Some Interval Map Visualizations

For the past few days I've been experimenting with circular representations of chord, scale and similar kinds of structure. Laying them out in a circle is the right thing to do because then rotation of the circle is equivalent to finding all the modes of the scale or arpeggio.

Here are three experimental visualizations of interval maps of common and uncommon structures; click the image for a higher resolution version:

The blue disc shows a number of triads, the green disc shows all possible symmetrical structures having more than four notes and the reddish disc shows some heptatonics. In each case the outer rings tend to represent more common structures than the inner rings.

The segment at 12 o'clock is the root note, which is always present. Then we count around clockwise in semitones, with the b2 at 1 o'clock, the 2 at 2 o'clock, the b3 at 3 o'clock, the 3 at 4 o'clock and so on, ending with the 7 at 11 o'clock and then going back to the root.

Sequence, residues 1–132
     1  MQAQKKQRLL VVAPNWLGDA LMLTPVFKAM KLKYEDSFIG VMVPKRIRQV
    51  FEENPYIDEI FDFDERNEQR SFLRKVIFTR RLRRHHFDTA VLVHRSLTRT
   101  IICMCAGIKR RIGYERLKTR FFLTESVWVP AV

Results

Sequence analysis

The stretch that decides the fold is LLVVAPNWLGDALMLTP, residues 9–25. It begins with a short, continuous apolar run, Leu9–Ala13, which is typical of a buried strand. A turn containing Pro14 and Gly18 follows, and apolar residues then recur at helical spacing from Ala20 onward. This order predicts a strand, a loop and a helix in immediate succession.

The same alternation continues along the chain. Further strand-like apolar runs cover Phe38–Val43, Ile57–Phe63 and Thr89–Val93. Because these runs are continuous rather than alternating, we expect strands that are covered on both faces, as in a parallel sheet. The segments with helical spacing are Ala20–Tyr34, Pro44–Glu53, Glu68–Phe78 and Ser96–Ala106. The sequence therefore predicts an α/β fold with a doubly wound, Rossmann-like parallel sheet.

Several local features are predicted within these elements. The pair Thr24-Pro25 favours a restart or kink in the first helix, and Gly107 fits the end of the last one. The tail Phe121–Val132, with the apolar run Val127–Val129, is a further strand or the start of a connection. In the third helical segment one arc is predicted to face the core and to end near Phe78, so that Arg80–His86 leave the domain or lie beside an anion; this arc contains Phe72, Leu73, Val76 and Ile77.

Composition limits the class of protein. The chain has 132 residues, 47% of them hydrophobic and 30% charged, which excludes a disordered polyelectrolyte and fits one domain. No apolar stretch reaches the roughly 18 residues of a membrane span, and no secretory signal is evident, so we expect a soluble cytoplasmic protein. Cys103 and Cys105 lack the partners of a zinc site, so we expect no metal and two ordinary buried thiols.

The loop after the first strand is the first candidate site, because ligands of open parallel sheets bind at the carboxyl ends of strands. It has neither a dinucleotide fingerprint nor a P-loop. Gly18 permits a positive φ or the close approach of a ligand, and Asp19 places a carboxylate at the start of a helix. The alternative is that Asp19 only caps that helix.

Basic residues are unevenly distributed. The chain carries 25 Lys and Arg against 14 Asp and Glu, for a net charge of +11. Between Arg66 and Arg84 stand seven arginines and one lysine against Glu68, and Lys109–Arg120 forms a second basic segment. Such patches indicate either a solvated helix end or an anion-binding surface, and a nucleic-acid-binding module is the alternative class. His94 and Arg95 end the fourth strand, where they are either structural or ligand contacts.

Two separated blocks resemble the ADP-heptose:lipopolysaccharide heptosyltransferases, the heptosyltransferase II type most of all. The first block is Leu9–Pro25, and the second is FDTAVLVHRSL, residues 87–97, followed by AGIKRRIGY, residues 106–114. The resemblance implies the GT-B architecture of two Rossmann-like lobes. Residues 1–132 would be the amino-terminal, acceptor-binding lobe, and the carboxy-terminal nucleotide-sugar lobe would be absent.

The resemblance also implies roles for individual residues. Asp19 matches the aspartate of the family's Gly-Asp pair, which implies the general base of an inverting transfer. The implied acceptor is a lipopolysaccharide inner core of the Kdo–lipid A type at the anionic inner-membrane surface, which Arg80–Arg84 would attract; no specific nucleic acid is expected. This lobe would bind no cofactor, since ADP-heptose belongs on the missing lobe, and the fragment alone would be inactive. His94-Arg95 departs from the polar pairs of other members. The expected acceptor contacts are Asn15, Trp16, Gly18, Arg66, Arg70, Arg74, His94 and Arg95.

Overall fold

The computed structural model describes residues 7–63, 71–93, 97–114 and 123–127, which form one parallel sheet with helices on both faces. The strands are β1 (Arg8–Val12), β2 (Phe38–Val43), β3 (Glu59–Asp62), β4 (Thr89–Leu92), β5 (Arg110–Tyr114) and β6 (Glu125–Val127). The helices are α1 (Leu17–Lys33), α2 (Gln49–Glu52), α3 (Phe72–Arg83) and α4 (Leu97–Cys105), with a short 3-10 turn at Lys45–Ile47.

The key thing is that these interval maps can, in theory, be rotated around the circle to create the modes of each scale in the ring. If these seem useful I'll probably design an interactive version that allows you to do the rotations, which I imagine would be a very nice teaching tool for the basic theory of modes.

I'm sure more refinements are be possible; I'll probably post more ideas on this topic in the future since, for me at least, visualization is a key technique for any kind of learning, and especially for learning and understanding more about music.